Urban ecology as an interdisciplinary field: differences in the use of “urban” between the social and natural sciences
- Cite this article as:
- Mcintyre, N.E., Knowles-Yánez, K. & Hope, D. Urban Ecosystems (2000) 4: 5. doi:10.1023/A:1009540018553
“If you wish to converse with me, define your terms.”
—attributed to Voltaire, The Home Book of Quotations: Classical and Modern, Fourth edition (B. Stevenson, ed.), p. 428, Dodd, Mead and Co., New York, NY, 1944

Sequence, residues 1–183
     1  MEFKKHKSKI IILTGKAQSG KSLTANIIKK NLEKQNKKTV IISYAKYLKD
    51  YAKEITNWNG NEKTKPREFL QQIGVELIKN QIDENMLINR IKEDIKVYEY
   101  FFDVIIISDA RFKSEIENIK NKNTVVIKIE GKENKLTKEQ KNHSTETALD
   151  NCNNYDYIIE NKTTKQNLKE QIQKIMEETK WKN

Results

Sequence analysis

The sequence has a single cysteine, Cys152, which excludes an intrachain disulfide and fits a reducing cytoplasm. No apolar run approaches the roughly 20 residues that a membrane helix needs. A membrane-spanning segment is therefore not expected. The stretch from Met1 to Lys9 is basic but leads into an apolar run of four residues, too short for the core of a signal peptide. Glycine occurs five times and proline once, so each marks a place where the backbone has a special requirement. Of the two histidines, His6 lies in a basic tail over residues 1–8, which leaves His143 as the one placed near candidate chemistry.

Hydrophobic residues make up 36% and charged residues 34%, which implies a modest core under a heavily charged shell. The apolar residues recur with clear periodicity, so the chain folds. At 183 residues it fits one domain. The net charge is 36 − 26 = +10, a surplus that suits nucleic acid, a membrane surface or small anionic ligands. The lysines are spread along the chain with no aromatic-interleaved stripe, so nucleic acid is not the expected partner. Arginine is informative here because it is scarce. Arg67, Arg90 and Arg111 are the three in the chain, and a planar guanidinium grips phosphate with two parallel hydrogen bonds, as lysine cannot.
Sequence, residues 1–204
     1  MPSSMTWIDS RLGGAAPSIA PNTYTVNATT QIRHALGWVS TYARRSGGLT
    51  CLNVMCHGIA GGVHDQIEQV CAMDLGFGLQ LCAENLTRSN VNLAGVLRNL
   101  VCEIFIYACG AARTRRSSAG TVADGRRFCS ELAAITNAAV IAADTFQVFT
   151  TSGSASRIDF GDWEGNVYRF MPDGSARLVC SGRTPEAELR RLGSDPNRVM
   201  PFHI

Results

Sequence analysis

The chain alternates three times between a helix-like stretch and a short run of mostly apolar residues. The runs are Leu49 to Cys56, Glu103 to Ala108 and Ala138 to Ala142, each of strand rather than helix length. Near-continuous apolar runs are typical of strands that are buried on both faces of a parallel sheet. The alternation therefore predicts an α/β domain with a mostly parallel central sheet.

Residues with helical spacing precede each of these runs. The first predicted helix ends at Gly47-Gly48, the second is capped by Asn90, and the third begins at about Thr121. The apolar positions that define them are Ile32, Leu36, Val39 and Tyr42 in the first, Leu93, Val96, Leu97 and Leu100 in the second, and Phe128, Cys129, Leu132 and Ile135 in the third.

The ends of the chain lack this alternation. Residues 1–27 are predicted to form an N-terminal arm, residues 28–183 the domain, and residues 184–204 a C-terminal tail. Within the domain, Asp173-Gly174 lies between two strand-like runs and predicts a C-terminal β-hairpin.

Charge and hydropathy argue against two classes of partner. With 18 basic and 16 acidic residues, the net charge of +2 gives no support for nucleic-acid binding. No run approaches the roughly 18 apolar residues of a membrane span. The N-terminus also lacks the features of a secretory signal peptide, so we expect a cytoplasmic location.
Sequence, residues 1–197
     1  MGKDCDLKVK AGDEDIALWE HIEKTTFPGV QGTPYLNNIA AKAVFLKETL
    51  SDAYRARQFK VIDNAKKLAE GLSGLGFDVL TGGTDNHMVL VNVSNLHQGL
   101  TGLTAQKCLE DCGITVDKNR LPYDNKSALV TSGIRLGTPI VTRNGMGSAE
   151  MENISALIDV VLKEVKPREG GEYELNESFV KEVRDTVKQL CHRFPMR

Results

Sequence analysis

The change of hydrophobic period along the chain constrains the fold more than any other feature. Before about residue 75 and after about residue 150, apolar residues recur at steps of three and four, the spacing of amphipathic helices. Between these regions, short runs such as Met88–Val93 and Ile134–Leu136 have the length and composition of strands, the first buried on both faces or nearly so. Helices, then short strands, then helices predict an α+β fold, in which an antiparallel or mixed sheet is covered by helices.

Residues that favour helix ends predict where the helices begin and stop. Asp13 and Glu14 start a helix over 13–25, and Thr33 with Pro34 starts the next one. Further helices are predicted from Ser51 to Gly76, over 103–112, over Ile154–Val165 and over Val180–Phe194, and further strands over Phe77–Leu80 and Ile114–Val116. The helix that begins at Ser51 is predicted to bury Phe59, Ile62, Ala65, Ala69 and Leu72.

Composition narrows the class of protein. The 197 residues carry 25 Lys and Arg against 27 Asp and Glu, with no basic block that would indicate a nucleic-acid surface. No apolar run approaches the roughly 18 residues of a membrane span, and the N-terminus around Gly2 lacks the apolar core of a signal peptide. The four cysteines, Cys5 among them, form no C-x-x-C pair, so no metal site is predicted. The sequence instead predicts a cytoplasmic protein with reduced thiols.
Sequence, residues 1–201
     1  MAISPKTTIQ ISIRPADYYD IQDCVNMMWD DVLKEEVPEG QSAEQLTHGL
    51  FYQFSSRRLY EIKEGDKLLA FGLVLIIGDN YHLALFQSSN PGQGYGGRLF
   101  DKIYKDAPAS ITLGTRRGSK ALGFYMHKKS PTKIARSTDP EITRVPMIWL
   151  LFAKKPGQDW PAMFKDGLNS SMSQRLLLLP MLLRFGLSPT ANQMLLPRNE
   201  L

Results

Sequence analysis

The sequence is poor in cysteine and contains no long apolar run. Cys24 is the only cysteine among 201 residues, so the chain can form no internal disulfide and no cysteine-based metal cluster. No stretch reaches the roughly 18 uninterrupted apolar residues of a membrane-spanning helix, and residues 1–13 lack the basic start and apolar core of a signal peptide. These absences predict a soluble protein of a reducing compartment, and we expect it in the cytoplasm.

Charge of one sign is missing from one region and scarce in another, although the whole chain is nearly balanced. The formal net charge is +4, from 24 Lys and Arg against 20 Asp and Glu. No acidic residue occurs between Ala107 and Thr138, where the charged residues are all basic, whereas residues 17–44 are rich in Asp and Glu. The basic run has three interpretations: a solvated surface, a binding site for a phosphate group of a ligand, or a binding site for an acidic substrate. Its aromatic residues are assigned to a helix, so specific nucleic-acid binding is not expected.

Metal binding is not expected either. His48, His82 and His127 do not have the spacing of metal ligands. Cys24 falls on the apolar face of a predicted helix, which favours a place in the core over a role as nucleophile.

Though there is a growing appreciation of the importance of research on urban ecosystems, the question of what constitutes an urban ecosystem remains. Although a human-dominated ecosystem is sometimes considered to be an accurate description of an urban ecosystem, describing an ecosystem as human-dominated does not adequately take into account the history of development, sphere of influence, and potential impacts required in order to understand the true nature of an urban ecosystem. While recognizing that no single definition of “urban” is possible or even necessary, we explore the importance of attaching an interdisciplinary, quantitative, and considered description of an urban ecosystem such that projects and findings are easier to compare, repeat, and build upon. Natural science research about urban ecosystems, particularly in the field of ecology, often includes only a tacit assumption about what urban means. Following the lead of a more developed social science literature on urban issues, we make suggestions towards a consistent, quantitative description of urban that would take into account the dynamic and heterogeneous physical and social characteristics of an urban ecosystem. We provide case studies that illustrate how social and natural scientists might collaborate in research where a more clearly understood definition of “urban” would be desirable.
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